In Commonwealth v. Wroten, 305 Pa. Super. 340, 345, 451 A.2d 678, 681 (1982), we explained the standard which must be met by the Commonwealth if it is to prove its due diligence in bringing a defendant to trial. We wrote:

As long as the Commonwealth acted reasonably, in light of the facts and circumstances as they appeared at the time, the Commonwealth acted with "due diligence", even

[ 328 Pa. Super. Page 440]

    if it appears in hindsight that there were other, possibly more desirable or efficacious methods that might have been tried. (citations omitted).

Furthermore, as we review a ruling of the Common Pleas Court that the Commonwealth has or has not met its burden of proving its due diligence in bringing an accused to trial promptly, we may consider only the evidence presented at the hearing by the Commonwealth and that evidence presented by the defendant which remains uncontradicted. Commonwealth v. Harris, 315 Pa. Super. 544, 462 A.2d 725 (1983).

Although the lower court did not explicitly state that it had granted the extension to March 9, its decision to call the case to trial on that date implies that the February 22 petition had been granted.

The court then refused to extend the trial date beyond March 9 finding a lack of due diligence on the Commonwealth's part. With this conclusion, we cannot agree.

Surely the Commonwealth offered a reasonable explanation for its inability to proceed on March 9. We will not hold the Commonwealth, who has properly sought the presence of a witness, responsible for his failure to appear when that failure is attributable to a disturbance at the prison at which he is incarcerated.

As our Supreme Court explained in Commonwealth v. Genovese, 493 Pa. 65, 5-70, 425 A.2d 367, 369-71 (1981).

Rule 1100 'serves two equally important functions: (1) the protection of the accused's speedy trial rights, and (2) the protection of society,' Commonwealth v. Brocklehurst, 491 Pa. 151, 153, 420 A.2d 385, 387 (1980); Commonwealth v. Hamilton, 449 Pa. 297, 297 A.2d 127 (1972). In determining whether an accused's right to a speedy trial has been violated, consideration must be given to society's right to effective prosecution of criminal cases, both to restrain those guilty of crime and to deter those contemplating it. Commonwealth v. Johnson, 487 Pa. 197 n. 4, 409 A.2d 308 n. 4 (1980).

[ 328 Pa. Super. Page 441]

So long as there has been no misconduct on the part of the Commonwealth in an effort to evade the fundamental speedy trial rights of an accused, Rule 1100 must be construed in a manner consistent with society's right to punish and deter crime. In considering matters such as that now before us, courts must carefully factor into the ultimate equation not only the prerogatives of the individual accused, but the collective right of the community to vigorous law enforcement as well. Strained and illogical judicial construction adds nothing to our search for justice, but only serves to expand the already bloated arsenal of the unscrupulous criminal determined to manipulate the system.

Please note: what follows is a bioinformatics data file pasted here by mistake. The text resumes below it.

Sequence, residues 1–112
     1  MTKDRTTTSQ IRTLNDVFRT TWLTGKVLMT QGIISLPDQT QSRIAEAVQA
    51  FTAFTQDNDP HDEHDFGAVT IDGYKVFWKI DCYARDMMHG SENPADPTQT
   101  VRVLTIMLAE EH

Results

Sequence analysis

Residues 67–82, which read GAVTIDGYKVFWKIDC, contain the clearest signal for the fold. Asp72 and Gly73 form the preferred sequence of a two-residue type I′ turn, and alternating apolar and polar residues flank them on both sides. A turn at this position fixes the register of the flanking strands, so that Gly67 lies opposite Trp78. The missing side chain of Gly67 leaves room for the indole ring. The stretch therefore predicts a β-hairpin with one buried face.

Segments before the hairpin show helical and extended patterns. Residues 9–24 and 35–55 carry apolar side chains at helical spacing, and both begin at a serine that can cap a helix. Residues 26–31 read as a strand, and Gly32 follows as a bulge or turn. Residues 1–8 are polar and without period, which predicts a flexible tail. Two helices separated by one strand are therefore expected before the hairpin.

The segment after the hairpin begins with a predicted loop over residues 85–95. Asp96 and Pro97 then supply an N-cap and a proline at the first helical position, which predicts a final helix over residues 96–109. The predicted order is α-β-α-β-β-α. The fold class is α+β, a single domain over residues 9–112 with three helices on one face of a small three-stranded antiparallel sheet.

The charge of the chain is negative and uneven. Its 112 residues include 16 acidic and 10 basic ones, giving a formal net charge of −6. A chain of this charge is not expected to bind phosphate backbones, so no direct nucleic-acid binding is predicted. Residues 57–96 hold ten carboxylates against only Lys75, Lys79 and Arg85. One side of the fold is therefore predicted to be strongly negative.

Moreover, we are unwilling to sanction the dismissal of charges against a defendant who not only did not seek such dismissal, but also concurred in the request for extension.

In Commonwealth v. Yancey, 301 Pa. Super. 427, 430 n. 1, 447 A.2d 1041, 1042 n. 1 (1982) we explained:

To establish a Rule 1100 claim, the defendant is obliged to have the lower court rule on its merits prior to trial. The defendant must file either a motion to dismiss under Rule 1100(f) or contest the Commonwealth's petition to extend. Absent pursuit of one of these alternatives, the claim is waived.

The record indicates that the motion to dismiss filed by appellant in January was denied on January 20. No other written motion to dismiss appears in the record.

The Public Defender did indicate on March 9 that it had made such a motion, but even the defender himself suggested that a motion made by him on that date might not be effective, since at the commencement of the March 9 hearing appellee again indicated that he did not wish to be represented by the Public Defender, but instead wished to represent himself. Appellee specifically requested the court to grant the Commonwealth an extension.

Appellee made it clear on March 9 that he did not want "anything to do" with the Public Defender's office. When the court said that it wanted to grant the Motion to Dismiss

[ 328 Pa. Super. Page 442]

    which had apparently been made*fn2 by the Defender, appellee replied: "You ain't got to do that. You don't have to do that. You ain't doing me no favors. You can take this to trial. Give him his extension."

Under these circumstances, the lower court erred in denying the petition for extension to the earliest possible date after March 9, 1982.*fn3

Order reversed, charges reinstated and case remanded for trial.